As this September 21st winds down, it’s been a day full of celebration in the horror loving world. The man responsible for millions of sleepless nights, either due to nightmares or his Constant Readers simply not being able to put a book down, has turned the big 7-0.
Stephen King cemented his status in the literary world decades ago and he could have retired a few dozen times over if he really wanted to. But that’s what is so awesome- he doesn’t want to. Rarely do you see a prolific writer still churning out material and new novels at such a rate as they near their fifth decade in the industry. He writes for himself. He writes for his Constant Readers. He writes because that’s what he was born to do.
When I lost my mother last year, one of the things that hurt most about the devastating tragedy was that I lost my horror buddy. I remember saying out loud, “She isn’t going to see the new It.” My stomach churned at the idea of purchasing a new King book without having her around to pass it off to after I’d read it. She introduced me to King, via a paperback copy of Cujo, when I was eight years old and over the last twenty-two years, I’ve devoured any and all King I could get my hands on.
Because to me, Stephen King and his incredible catalogue of work isn’t just a favorite hobby of mine. These books and this man are a lifeline to a relationship that is now comprised of memories. I teared up when this year’s It started on the big screen a few weeks back- mostly because I couldn’t believe I was finally seeing such an iconic King novel brought to life properly, but also because I always remember how much my mother loved good ol’ Mr. King and how big a part he played in a relationship between son and mother. Simply put, King and the massive mountain of pages he’s horrified hundreds of millions of people with will forever hold a tender spot in my heart.
I know I’m not the only person who shares such personal and glowing sentiments with Mr. King. In honor of his seventieth birthday, I had the pleasure of speaking with three author pals of mine who just so happen to hold Uncle Steve near and dear in their heart, as well.
When you’re a child, you grow up under a shadow of helplessness. Looking back at childhood, a lot of people see a carefree time with no responsibilities, but what they’ve forgotten is that it’s also a time of no power.
Even the most poverty-stricken wage-slave at McDonald’s has more agency than the average child, and it’s something that most children accept. But for other children, that helplessness is terrifying. There’s a sense that the people we rely on might not know as much as we think they do; maybe they don’t even know as much as WE do. There’s nothing so frightening as having knowledge without the power to act on it.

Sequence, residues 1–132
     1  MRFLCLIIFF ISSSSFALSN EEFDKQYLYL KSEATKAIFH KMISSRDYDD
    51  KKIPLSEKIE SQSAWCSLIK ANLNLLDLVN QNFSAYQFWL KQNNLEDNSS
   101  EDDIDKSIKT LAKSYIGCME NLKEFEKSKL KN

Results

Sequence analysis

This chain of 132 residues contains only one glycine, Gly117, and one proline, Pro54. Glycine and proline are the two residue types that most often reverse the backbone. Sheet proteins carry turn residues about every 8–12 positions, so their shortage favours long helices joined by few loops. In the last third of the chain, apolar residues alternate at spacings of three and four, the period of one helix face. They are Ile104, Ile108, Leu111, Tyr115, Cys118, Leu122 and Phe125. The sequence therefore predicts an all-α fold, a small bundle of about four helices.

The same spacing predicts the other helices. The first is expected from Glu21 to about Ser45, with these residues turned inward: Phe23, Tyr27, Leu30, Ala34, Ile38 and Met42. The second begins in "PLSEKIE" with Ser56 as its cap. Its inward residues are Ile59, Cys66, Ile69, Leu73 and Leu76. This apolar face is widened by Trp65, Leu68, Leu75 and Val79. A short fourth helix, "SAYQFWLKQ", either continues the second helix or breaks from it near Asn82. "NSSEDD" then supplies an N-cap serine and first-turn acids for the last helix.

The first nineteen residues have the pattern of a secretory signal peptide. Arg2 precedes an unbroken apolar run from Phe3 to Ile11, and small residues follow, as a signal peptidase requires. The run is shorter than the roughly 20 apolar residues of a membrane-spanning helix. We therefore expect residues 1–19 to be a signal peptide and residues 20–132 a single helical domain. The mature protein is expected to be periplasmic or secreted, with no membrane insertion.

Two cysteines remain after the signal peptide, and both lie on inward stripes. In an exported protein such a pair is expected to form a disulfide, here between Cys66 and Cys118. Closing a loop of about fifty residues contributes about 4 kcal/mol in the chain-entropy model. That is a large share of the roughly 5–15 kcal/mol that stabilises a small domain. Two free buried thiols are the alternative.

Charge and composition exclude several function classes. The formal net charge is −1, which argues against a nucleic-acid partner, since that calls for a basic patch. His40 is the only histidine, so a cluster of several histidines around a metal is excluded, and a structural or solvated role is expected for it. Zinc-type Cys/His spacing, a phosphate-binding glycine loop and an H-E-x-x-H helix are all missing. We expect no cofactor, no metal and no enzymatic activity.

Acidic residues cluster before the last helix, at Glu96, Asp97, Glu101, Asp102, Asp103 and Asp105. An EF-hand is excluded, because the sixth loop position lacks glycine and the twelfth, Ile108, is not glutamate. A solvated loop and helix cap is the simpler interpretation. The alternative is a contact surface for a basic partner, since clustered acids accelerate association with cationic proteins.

Stephen King’s horror novels are full of terrible things happening to all sorts of people, including children. But through most of them is a common thread: children are powerful. The little boy in ‘Salem’s Lot successfully fends off a vampire and goes to sleep, while an adult nearby almost dies of a heart attack. The Losers in IT not only figure out what’s killing people in Derry, they mount a plan to successfully kill it once and for all. When Carrie White is betrayed by everyone around her, she takes matters into her own hands, and her own mother doesn’t stand a chance.
I don’t like to complain about my childhood, because many have had it worse. But I think that Stephen King may have saved my life. What I remember feeling when I discovered his work was partly excitement and fear, but mostly relief. I wasn’t alone. There were kids out there who felt as frightened and helpless as I did, and each one had found their own version of the stake that would kill the monster under the bed. I could do it too.
I’m no Stephen King expert. I’m no cheerleader, either. I hear about a new King book long after it’s old news, and sometimes—shhh!—sometimes I don’t read them. But when I do, and when it’s good, Stephen King is the best. I can’t think of a more accessible author. When I taught high school English and I had a student who didn’t like to read, I suggested King. Students who struggled liked him. Students who excelled liked him.
There’s so much to appreciate, on so many levels, but what I love most about Stephen King, is that he draws you into the story. He puts his Constant Reader there. It doesn’t matter how fantastic the story was, you could tell that somewhere, it was real, and for a little while, you were there, too.
One summer, when I was around twelve years old, I’d finished one of my usual “age-appropriate” chapter books and was ready for something completely different. So when nobody was looking, I crept quietly into my parents’ room to pilfer something from my mom’s very eclectic bookshelf where she kept all the weird, hidden gems a sneaky, horror-loving child could want. There, I found a beat-up paperback copy of Night Shift. For the next week, I tucked myself away in dark corners, as I pored over the pages, feeling very much like I was suddenly in on the most important secret of a lifetime. Every tale held its thrall over me. “The Boogeyman” made me think twice about the cracked-open closet door, and the identity of the serial killer in “Strawberry Spring” lodged itself under my skin like a nagging splinter. And don’t even get me started on “Night Surf,” which is at once horrifying and melancholy (and only fueled my love of seaside horror). From the very first page, what drew me into Stephen King’s work was his ability to uncover terror in any setting. His work taught me that horror could be anything or anywhere, and that opened a world of possibilities that I’m still—happily—trying to unravel to this day.
While so many readers seem to prefer his longer works, I will always treasure King’s short stories the most, in particular those earliest tales I read from Night Shift. Thanks to that one well-spent summer, my life has never been the same.